I feel terribly sorry for those who eschew vices. Those who, in pursuit of a better life, deprive themselves of those very things which make life worth living. Who desperately cling to every second of every minute of every day in glaring sobriety.
There is little better in this world than a well-timed whiskey. As I write this, I am drinking a single-malt scotch-and-soda in a bar I have never been to before, and likely will never be in again. The customers, aside from me, are local regulars, all four of whom are engaged in an animated conversation with the bartender.
This scotch is the most wonderful thing I have had today, and my lunch was a meat pie.
They say you should never argue religion or politics. Case in point: the argument which brought me to this bar and its scotch. Somehow, my younger sister and I, in the midst of an otherwise congenial conversation, got onto the topic of America. This was a mistake. I knew it was a mistake from the moment I opened my mouth.
I do not consider myself conservative. If forced, I would probably describe myself as “centrist.” In broad strokes, economically right of center, socially left. I favor equal rights; support gay marriage and abortion. Think George W. Bush was quite possibly the worst president in history.
I also support the death penalty. In fact, I don’t think we use it enough. I think forcible rape and any sex act with a child under the age of ten should be a capital crime. Punishment for major crimes should be harsh; for lesser crimes, and especially those committed by youth, rehabilitation. College should be available to all, regardless of race or social status.
Gun control means using both hands.
In short, my politics are all over the board. I have described myself as a “liberal Republican” and a “conservative Democrat.” Time was, I considered the latter more true. Now, I lean closer to the former, if only because I find myself so thoroughly disgusted by much of the drivel that the Democrats have been pushing for. As my roommate often says, the road to hell is paved with good intentions, and the Democrats seem determined to make sure they’ve got the contract.
But I digress. As I sat in my sister’s studio apartment adjacent to downtown Seattle, one of us, God alone knows which one, brought up the subject of America. This, naturally, segued nicely into a screaming argument.
As I said, I am not conservative; but when compared to my sister, I might as well have been advocating for the suppression of unions with Pinkerton’s agents. She stated that there were countless countries better than this one, citing Canada as an example. I countered, saying that Canada only gets to be Canada because they don’t have to spend money on defense. That Canada, in a sense, is our spoiled little trust-fund kid.
She began talking about the unemployment rates, and the fact that many European countries provide much more financial support to the collegiate system. I pointed out that they accomplish this with a sixty percent income tax. She added that, as a socialist, she had no problem with a tax that steep.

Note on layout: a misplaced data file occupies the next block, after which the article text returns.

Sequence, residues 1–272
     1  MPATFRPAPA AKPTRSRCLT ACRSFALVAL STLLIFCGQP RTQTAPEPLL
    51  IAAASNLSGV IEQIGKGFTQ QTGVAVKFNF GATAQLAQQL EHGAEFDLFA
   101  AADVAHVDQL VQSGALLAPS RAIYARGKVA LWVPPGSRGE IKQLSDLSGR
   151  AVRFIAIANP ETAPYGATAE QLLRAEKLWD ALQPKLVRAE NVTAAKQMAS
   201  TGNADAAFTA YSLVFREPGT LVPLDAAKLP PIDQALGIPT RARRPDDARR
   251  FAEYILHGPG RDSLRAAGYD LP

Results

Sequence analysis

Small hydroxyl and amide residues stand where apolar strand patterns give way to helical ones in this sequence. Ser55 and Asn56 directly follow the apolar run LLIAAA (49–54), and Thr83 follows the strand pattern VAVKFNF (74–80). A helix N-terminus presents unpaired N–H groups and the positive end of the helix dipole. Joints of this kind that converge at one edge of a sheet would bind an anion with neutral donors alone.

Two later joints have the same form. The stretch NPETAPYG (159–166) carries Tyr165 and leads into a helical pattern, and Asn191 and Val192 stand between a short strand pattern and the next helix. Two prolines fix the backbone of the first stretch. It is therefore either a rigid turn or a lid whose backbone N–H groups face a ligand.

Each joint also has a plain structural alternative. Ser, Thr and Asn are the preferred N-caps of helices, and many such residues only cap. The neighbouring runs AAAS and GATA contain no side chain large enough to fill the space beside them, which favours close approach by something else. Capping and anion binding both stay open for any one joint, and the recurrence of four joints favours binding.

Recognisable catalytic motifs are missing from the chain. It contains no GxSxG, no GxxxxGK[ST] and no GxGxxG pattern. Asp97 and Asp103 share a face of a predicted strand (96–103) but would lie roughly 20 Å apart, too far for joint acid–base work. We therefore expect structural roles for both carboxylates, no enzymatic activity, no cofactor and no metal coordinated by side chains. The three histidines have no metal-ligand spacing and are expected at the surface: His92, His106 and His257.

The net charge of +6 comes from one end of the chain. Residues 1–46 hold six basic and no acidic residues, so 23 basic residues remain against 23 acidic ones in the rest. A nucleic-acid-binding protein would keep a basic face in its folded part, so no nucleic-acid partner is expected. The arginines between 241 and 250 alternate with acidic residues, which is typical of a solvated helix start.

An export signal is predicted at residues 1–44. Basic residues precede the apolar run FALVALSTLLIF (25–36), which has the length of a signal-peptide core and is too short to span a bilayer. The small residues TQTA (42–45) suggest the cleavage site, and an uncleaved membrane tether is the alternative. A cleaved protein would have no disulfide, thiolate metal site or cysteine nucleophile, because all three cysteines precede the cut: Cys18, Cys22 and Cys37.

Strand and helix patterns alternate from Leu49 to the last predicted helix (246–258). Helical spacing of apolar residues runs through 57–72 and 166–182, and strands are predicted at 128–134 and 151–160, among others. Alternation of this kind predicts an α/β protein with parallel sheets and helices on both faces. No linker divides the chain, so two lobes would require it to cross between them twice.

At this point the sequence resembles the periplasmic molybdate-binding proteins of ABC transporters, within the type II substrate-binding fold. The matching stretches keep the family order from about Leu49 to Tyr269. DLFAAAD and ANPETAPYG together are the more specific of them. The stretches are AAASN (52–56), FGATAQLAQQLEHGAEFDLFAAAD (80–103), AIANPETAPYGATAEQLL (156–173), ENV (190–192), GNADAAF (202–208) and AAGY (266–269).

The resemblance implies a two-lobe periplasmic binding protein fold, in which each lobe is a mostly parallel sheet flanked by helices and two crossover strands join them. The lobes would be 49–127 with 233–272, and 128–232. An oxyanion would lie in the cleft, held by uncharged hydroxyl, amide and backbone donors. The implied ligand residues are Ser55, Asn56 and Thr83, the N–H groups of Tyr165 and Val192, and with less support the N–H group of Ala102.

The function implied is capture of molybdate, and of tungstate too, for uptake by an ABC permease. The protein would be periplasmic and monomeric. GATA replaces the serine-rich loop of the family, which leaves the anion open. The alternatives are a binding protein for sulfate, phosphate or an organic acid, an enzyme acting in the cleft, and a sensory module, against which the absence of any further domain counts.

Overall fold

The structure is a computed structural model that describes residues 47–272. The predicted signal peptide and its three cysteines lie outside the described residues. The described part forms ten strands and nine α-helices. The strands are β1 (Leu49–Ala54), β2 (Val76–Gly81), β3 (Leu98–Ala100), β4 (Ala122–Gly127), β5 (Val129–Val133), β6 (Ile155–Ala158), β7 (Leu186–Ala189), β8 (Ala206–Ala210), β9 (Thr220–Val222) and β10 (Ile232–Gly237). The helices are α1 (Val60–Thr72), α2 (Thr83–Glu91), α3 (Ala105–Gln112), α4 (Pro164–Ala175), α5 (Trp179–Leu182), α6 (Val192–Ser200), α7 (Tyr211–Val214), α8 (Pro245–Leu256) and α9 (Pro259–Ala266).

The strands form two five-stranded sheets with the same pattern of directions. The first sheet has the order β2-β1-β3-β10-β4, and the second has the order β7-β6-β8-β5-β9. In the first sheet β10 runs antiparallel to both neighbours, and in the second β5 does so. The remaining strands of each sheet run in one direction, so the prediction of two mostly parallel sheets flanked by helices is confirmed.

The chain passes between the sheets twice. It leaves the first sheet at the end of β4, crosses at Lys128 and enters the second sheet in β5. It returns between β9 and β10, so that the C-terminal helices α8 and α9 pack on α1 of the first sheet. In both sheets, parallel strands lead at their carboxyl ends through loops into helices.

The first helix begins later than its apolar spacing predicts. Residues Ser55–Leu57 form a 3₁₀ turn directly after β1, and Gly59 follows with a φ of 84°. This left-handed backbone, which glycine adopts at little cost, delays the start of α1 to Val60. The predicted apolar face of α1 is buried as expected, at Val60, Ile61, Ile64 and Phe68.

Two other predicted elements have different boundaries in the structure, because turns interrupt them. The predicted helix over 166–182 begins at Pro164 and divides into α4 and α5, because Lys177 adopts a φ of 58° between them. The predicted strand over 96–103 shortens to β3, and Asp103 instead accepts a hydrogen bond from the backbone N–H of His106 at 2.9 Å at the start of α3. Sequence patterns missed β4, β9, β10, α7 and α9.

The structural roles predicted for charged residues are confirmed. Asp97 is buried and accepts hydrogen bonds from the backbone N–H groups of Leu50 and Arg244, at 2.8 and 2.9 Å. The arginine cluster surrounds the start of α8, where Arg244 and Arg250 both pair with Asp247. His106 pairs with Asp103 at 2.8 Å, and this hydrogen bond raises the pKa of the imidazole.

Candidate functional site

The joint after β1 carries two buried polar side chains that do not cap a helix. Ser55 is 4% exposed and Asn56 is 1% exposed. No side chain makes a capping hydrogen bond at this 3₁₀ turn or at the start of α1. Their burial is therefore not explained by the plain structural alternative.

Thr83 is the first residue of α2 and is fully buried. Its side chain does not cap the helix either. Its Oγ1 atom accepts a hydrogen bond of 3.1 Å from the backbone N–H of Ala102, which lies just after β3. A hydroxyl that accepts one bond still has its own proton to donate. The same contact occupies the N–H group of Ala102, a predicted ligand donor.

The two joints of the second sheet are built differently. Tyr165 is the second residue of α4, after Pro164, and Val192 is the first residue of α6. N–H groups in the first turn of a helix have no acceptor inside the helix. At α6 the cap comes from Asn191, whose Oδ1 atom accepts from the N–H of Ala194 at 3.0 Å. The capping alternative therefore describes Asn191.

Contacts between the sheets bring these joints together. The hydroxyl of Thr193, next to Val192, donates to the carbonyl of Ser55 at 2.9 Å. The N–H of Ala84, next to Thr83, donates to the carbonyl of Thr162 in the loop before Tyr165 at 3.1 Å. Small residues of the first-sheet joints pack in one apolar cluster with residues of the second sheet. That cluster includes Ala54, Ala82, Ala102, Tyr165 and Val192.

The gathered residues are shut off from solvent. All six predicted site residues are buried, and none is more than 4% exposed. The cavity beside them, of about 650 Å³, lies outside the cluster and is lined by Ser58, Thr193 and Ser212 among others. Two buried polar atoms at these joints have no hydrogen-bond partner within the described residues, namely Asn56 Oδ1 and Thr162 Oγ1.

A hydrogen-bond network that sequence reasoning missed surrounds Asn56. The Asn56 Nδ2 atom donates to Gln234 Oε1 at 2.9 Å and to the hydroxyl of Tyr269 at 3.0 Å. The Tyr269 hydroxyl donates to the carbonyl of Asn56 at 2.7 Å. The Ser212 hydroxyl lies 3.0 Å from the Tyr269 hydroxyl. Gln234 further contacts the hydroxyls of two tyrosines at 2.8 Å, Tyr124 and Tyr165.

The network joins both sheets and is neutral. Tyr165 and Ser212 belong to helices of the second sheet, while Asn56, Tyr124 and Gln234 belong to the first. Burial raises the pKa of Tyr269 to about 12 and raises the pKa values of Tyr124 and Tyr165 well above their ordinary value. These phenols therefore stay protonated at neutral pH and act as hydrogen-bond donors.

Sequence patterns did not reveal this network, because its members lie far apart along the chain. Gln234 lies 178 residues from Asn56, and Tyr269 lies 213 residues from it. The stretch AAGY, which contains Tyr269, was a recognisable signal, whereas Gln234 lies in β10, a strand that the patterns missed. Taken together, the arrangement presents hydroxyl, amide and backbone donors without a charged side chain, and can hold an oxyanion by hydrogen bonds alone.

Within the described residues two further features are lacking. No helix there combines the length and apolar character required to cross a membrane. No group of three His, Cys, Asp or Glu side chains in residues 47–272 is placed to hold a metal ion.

This left me a little stunned. I knew that she was liberal, but a socialist? My own sister? Oh, the horror!
Switzerland came up, as a positive example of… something…. I pointed out that the Swiss had not allowed women to vote until the 1970s.
Her response was, “So?”
It was at this point that I realized exactly why one should never argue politics. Until that moment, the conversation had been one of point-counterpoint. But, like all faith-based debates, one of us was bound to eventually run out of cogent responses on a given topic and give the political equivalent of “because God did it.”
And so I found myself taking the only possible way out: I gave up. I stopped playing. I went back to my book and let her wind down. And she did, finishing with the parting shot that her country had, by her reckoning, never done a thing for her.
And I almost pointed out that the only reason she thought that was because it had never occurred to her that the one thing the country had given her was the ability to grow up and form opinions like that. I almost pointed that out, but I did the smart thing, the healthy thing, instead: I left to suck down a cigarette, and stopped to cool off with a little whiskey.
And now I find myself talking to a man who looks like Dick Chaney, but speaks at a million miles an hour. He’s an east-coaster in his mid-fifties, describing to me the realization he came to at forty-seven that led him to switch careers, marry a Thai woman, and father two children. He is a security guard and an amiable man, the sort that loves to talk. He hides surprisingly deep realizations behind salty language, a Brooklyn accent, and outdated, decidedly non-PC phrases like “the Orient.”
What brought us together? We both came in looking for a low-key joint to grab a drink and unwind. Two men, wildly disparate walks of life, such as would never spare each other a glance on the street. But over a drink or two, letting each other unwind in our own way, him talking, me listening, our lives, for a moment, intertwine. And, I hope, are left a little the richer for it.
Thank you, alcohol, for this. And thank you, Russ the Security Guy, for making my own point to me: “We don’t even realize how lucky we are here, man. Over in rural Thailand, they don’t got shit. Dirt floor, no furniture, and the outhouse is in a shed in the back. Don’t forget that, man: we don’t know how lucky we are.”